Set in the 18th century A Royal Affair is a romanticised telling of the marriage of Caroline Mathilde (Alicia Vikander) and the mentally ill king Christian VII of Denmark (Mikkel Følsgaard). The king’s use of whores and excessive drinking leads to the queen (Caroline) to fall in a doomed love affair with the King’s new physician, Johann Friedrich Struensee (Mads Mikkelsen), who uses his close relationship with the king to bring about positive reforms in the country. A Royal Affair is almost seductive in its glorious cinematography (shot by Rasmus Videbæk) and excellent costume and set designs. The performances from the whole cast are terrific, Mads Mikkelsen and Mikkel Følsgaard in particular. However the passionate romantic aspects (the central part of the story) are not quite as interesting as the political aspects of Struensee‘s rise to power and his backtracking on policies he has made in the past to maintain that power by censoring harmful material that may lead Denmark back into its old ways of government. It does drag out its ending somewhat, but the film so visually brilliant and well told by director Nikolaj Arcel that A Royal Affair is a period drama that almost reaches the heights of The Remains of the Day.
Based on the novel entitled These Foolish Things by Deborah Moggach director John Madden’s film focuses on seven pensioners who relocate to India for a number of different reasons (hip replacement, desire to do something different, meet an old friend etc). Consisting of Judy Dench, Bill Nighy and Tom Wilkinson the ensemble cast will be very familiar to British audiences (as well as others); naturally they all do a super job in keeping the film a leisurely and fun experience. With so many characters it can be difficult to be completely engaged in all of their different stories and there is an attempt to make all the characters equally interesting but it is not entirely successful. For example Graham’s (Tom Wilkinson) rather touching story is far more interesting than Norman’s (Ronald Pickup), of whom the film’s narrative has devoted little time to. The plot slackens occasionally when dealing with the different story arcs and it tends to dabble in predictable cliches and sterotypes, but the characters are mostly an engaging and enjoyable bunch and the performances exceptional enough to make The Best Exotic Marigold Hotel agreeable and charming entertainment.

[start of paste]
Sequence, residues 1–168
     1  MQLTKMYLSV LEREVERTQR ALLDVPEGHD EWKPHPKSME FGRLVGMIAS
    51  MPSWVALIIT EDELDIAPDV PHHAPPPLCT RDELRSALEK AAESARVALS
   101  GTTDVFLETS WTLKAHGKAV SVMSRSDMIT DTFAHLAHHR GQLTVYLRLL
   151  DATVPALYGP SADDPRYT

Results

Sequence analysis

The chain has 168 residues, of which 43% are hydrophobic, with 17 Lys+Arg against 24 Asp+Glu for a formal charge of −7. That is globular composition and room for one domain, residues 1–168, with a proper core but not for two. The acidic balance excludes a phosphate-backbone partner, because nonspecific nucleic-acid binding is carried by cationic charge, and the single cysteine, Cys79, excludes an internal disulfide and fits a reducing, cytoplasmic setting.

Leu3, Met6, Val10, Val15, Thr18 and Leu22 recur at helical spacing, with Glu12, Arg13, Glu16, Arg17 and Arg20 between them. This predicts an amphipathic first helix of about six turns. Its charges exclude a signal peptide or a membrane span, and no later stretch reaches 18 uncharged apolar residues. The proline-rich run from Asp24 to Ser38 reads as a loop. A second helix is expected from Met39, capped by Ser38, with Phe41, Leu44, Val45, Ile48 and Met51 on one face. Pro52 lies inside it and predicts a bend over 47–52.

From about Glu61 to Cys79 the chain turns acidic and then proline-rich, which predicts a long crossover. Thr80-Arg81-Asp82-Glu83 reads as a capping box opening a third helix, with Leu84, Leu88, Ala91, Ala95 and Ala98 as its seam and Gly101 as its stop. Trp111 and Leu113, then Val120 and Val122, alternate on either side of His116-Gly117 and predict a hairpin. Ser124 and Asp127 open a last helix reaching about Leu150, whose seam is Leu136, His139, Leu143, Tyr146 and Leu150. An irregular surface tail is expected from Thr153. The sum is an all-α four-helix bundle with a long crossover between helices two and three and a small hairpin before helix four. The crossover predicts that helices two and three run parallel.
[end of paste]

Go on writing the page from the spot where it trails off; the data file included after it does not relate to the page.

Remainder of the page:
Best known in some quarters as the film in which Keira Knightley gets spanked by Michael Fassbender, David Cronenberg’s most recent venture will never be regarded as his greatest. Cronenberg directs Christopher Hampton’s adaptation of John Kerr’s nonfiction book, A Most Dangerous Method: The story of Jung, Freud, and Sabina Spielrein which basis itself around a new, revolutionary method of psychoanalysis drafted by Sigmund Freud (Viggo Mortensen). The film also tells of Freud’s relationship with Carl Jung (Fassbender) as well as Jung’s relationship with Sabina Spielrein (Knightley), who is a patient of Jung’s thus causing Jung to break the rules. The most problematic issue with A Dangerous Method is that Jung’s and Spielrein’s love affair is devoid of passion. Both Fassbender and Knightley are lacking in chemistry making Jung’ and Spielrein’s romantic relationship tedious. Their individual performances are not too great either as Knightley fails to pull off a demanding role due to her wayward Russian accent and a rather odd habit of sticking out her jaw which makes it appear as though she is possessed by a demonic sprit. Surprisingly Knightley’s costar, Michael Fassbender, delivers a rather uninspired turn as he seems to look almost bored by proceedings. On the other hand Mortensen and Vincent Cassel give good performances in supporting roles as the history of psychoanalysis is far more compelling than Jung’s love affair with his patient which, sadly, is never greatly interesting.